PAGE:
Children’s author and illustrator Greg Foley approaches the trade from a novel perspective – with a refreshing unity of design denoting his days as a founding member and creative director of Visionaire Magazine.
Foley’s pared-down aesthetic is mirrored by clean and poignant narration, belying some seriously involved themes such as: strength of character, the nature of friendship and the power of imagination.
Simplicity is a sophisticated device. Condescension and sentimentality never taint the tales’ clean textual and visual narratives, culminating in books as insightful for parents as for children.
Kid-in caught up with the internationally acclaimed, award winning author to discuss the fine line between childhood and adulthood, and the importance of maintaining wonder.
You have been quoted as saying that we are all children. Can you explain?
Have I been quoted? That sounds important! Actually, I realized that we never stop being children only after deciding to face my interest in children’s writing. We’re here for such a short time, and there’s so much to learn – how could we be anything less than children? Staying in touch with that wonder is a great foundation for storytelling.
Does this notion challenge the conventional line drawn between works for adults and children?
There are styles and subject matter that are too specialized for both kids and adults to share. But, the fun challenge is finding a sentiment that’s true to our earliest memories and feelings.
You use the term design regarding your approach to children’s books. Are the children, or their parents, reacting to the design element?
Both! But as adults we’re experiencing more retro-culture than ever before – styles that feel familiar and authentic. For kids, retro means nothing because it’s the first time they’re experiencing things. So I’m most interested in getting to the essence of a thing instead. I admire design where all the elements, graphics, illustration, story, etc., come together in a way that the creative decisions don’t jump out at you.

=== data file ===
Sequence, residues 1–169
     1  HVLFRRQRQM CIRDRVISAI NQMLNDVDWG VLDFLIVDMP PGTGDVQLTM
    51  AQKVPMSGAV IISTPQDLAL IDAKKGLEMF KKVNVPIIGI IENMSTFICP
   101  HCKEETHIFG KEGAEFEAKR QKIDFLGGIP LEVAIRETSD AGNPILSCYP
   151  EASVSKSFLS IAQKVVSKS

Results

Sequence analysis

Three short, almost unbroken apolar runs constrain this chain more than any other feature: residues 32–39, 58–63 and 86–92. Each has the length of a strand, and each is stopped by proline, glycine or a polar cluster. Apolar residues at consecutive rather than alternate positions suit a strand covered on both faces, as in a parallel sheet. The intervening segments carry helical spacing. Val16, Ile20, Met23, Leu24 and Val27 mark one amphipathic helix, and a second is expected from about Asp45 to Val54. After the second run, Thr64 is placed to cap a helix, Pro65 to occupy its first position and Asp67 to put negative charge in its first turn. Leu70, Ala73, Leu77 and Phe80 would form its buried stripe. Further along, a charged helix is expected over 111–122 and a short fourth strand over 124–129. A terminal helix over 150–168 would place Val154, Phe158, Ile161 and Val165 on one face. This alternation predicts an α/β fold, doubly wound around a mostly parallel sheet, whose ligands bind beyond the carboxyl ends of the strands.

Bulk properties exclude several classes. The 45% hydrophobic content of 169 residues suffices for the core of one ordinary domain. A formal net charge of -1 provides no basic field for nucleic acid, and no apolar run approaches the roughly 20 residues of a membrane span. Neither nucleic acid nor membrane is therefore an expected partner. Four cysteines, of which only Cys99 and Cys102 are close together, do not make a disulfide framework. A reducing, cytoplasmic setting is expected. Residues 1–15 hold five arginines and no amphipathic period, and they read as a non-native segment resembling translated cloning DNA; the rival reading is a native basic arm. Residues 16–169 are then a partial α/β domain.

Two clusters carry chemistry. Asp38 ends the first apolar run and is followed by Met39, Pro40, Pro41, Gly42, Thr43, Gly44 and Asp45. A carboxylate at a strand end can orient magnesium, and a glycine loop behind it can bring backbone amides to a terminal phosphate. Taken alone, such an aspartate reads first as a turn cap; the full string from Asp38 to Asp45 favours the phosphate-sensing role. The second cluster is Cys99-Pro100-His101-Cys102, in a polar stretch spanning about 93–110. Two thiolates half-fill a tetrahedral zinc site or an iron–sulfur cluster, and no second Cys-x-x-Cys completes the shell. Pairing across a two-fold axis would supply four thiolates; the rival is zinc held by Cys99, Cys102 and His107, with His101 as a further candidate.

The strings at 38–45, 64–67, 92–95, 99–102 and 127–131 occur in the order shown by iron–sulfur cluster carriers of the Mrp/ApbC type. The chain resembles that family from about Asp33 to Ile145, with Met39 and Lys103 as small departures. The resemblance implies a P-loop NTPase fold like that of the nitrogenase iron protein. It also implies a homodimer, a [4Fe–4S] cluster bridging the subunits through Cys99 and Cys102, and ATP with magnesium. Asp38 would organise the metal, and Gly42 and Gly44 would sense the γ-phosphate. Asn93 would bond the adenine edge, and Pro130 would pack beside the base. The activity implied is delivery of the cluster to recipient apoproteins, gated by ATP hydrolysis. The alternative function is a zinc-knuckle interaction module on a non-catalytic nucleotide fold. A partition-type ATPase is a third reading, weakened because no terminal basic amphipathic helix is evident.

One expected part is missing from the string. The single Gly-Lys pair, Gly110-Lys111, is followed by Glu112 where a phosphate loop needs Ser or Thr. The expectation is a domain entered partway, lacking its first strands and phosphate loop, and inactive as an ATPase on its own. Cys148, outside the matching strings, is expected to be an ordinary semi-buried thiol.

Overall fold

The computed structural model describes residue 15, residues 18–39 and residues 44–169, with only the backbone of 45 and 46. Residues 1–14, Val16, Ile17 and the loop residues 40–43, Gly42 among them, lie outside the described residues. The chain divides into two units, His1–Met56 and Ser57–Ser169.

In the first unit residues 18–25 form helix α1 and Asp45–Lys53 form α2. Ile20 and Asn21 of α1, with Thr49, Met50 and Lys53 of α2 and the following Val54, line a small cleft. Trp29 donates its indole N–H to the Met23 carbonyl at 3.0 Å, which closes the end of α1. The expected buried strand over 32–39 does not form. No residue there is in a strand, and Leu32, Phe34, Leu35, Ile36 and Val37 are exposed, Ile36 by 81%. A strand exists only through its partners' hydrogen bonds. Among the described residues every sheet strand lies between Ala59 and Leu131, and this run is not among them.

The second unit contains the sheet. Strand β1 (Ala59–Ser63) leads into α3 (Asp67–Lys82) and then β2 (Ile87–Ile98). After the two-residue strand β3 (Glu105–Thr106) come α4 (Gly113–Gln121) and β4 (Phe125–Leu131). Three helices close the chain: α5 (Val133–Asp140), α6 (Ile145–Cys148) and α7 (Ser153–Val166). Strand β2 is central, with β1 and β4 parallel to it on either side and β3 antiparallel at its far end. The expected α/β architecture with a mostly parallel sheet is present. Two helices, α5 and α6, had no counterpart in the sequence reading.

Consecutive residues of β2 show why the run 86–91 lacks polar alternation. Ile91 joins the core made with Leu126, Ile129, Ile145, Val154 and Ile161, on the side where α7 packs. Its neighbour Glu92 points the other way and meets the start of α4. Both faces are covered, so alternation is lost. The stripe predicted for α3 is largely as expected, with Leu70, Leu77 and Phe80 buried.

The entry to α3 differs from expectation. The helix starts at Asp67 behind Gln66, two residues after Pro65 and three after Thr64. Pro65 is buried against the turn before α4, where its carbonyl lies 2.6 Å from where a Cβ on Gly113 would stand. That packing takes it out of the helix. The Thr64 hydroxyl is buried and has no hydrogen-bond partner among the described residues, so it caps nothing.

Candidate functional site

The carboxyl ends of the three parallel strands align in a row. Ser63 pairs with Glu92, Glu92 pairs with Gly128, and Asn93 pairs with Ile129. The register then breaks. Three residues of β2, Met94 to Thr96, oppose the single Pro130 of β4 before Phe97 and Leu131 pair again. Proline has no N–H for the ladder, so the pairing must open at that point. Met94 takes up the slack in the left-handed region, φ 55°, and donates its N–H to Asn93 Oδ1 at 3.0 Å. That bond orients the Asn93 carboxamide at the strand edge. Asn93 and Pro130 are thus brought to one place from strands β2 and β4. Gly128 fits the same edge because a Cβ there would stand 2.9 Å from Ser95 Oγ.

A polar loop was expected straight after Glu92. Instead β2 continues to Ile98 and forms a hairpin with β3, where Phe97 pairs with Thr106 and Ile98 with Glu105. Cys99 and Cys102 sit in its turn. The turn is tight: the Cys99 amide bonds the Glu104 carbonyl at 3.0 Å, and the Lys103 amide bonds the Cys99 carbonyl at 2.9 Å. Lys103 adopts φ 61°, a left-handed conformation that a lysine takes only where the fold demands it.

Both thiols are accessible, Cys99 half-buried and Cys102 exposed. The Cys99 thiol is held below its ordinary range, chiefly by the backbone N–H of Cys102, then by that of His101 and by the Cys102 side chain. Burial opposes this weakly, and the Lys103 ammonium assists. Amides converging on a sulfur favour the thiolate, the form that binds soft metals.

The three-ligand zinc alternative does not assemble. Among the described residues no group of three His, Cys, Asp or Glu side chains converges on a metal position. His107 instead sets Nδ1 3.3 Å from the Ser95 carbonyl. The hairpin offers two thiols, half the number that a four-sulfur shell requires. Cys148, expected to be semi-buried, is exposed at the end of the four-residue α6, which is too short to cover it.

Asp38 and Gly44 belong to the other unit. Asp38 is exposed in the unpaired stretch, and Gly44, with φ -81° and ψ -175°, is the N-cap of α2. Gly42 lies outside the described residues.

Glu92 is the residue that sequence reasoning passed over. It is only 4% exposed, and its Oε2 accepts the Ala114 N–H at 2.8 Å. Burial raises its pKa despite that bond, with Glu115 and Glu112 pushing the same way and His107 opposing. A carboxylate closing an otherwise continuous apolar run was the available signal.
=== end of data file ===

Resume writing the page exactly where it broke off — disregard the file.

Most creative adults would identify strongly with the message behind Thank You Bear. Are the messages that you convey throughout your books personally inspired?
Yes, doesn’t everything creative seem so personal? We’re all vulnerable when we’re showing something to other people. We’re looking for someone to share our experience: a friend. And most stories, even romantic ones, are about friendship.
The books have been really successful and well received. In your opinion, what makes for a great children’s book?
That’s nice of you to say. I’m grateful that some of my books have made it into foreign edition. It says something when a story can speak to different cultures.
And different generations. Why do you think parents enjoy your books as much as children?
I hope they enjoy them as much! Personally, I like picture book stories when they are understated, have a true sentiment, minimal text, adorable character drawings… and some wry humor.
You studied Child Development – what do you believe children derive from your books?
Well, I self-studied. I find cognitive development fascinating. I asked people in the field for reading lists and recommendations. What I’ve been told is that my Thank You Bear books capture the emotional landscape of childhood. And, that the Willoughby books illustrate the power of imagination. But personally, I’m not pushing any type of curriculum.
How does the experience of reading to captive audiences compare with creating the books?
The process of making books is great, but nothing compares to reading them with kids! They’re such a fresh audience that they naturally want to engage with a story. It takes skill not to let them derail a reading with interjections. But often their comments and questions are the best part… really cute. When an adult does it, it’s just called ‘heckling’.
If you could give children something integral and lasting through your books, what would it be?
A sense of wonder… and maybe self-reliance.
Following Purple Little Bird – what’s next?
I’m working on a couple of picture books. There’s a new Bear book coming – with any luck it will be out for Christmas 2012! And I’m also working on something a little longer. It’s the first book in what will be a fantasy trilogy. Although there are some pictures, the real challenge for me is shaping a story that’s hundreds of pages long. Up until now, I’ve been working on thirty to forty-page stories, so I hope it comes together. But, like one of my favorite quotes says: “Nothing is too wonderful to be true.”
More from Greg Foley here: www.thankyoubear.com